Dan Darling’s thoughts on this are well worth reading:

“Youth doesn’t always equal immaturity. Sometimes young men and women can demonstrate extraordinary maturity at a young age. But early fame is so toxic to the soul. The yes men and the green rooms and the demands arrive before a young phenom has had time to breathe. There is a reason many of the leaders in Scripture were forced to wait: David waited 14 years between his anointing and assuming leadership of all of Israel. Joseph had to endure hardship and suffering before becoming prime minister in Egypt. Paul had to labor in the desert in Arabia before leading missionary journeys. 

There is something about experience that only experience can teach. We often confuse platform giftedness with leadership ability. We confuse the ability to move a room with the ability to shepherd people. In doing so, we set ourselves and young leaders up for failure.”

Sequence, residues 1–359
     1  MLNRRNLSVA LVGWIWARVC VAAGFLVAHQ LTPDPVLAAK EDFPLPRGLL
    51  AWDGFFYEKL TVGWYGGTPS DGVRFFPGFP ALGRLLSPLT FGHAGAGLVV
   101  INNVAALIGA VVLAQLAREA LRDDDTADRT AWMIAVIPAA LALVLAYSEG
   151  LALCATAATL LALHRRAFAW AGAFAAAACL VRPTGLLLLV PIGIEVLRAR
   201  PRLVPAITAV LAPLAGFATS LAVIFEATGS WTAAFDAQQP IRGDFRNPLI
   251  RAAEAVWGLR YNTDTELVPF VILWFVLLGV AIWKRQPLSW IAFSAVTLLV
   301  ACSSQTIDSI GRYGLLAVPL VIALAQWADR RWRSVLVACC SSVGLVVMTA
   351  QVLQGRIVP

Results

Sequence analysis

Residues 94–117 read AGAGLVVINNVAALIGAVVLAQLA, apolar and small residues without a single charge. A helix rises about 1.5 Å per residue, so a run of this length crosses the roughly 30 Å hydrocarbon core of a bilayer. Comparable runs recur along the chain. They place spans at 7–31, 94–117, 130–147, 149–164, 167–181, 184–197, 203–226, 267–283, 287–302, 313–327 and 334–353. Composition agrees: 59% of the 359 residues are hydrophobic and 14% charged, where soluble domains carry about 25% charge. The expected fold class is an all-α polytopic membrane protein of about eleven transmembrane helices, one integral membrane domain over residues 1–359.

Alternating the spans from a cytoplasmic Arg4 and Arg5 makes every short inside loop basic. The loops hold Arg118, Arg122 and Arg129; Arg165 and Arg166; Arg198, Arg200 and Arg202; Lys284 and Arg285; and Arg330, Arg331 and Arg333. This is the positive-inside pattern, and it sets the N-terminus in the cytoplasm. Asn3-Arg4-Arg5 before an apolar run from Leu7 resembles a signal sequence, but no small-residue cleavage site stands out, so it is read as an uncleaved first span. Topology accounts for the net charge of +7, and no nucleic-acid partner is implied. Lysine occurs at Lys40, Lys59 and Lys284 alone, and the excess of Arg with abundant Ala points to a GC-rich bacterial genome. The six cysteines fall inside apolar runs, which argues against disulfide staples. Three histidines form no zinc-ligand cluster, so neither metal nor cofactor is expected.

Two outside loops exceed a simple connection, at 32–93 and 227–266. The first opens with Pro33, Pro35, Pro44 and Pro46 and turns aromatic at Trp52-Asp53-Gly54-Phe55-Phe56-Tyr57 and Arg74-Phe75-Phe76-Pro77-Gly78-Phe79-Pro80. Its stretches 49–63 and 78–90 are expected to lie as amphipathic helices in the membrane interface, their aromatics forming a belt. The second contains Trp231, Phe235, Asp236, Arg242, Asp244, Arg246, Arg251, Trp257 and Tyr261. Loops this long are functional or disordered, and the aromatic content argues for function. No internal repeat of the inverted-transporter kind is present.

As young leaders, we have a responsibility to steward the platforms and positions God has given us well. It’s important to learn from those who have gone before us, especially those who have failed. But it’s also important to recognize that but for the grace of God, we would all follow in their footsteps. We aren’t any more prepared for fame or less vulnerable to the temptations that brought down Driscoll, MacDonald, Hybels, or others.

Our day in the spotlight may never come. Some of the greatest saints never experienced fame or success in their time on earth. But their influence for the Kingdom has been felt for decades or even centuries after their death.

If God has called you to a position of leadership, be thankful for the opportunity. But don’t rush onto a platform you aren’t ready to stand on. Be patient and trust God’s timing. Seek out honesty and accountability. Guard your heart and stay humble.

That’s the only way you’ll be ready to stand on Mars Hill.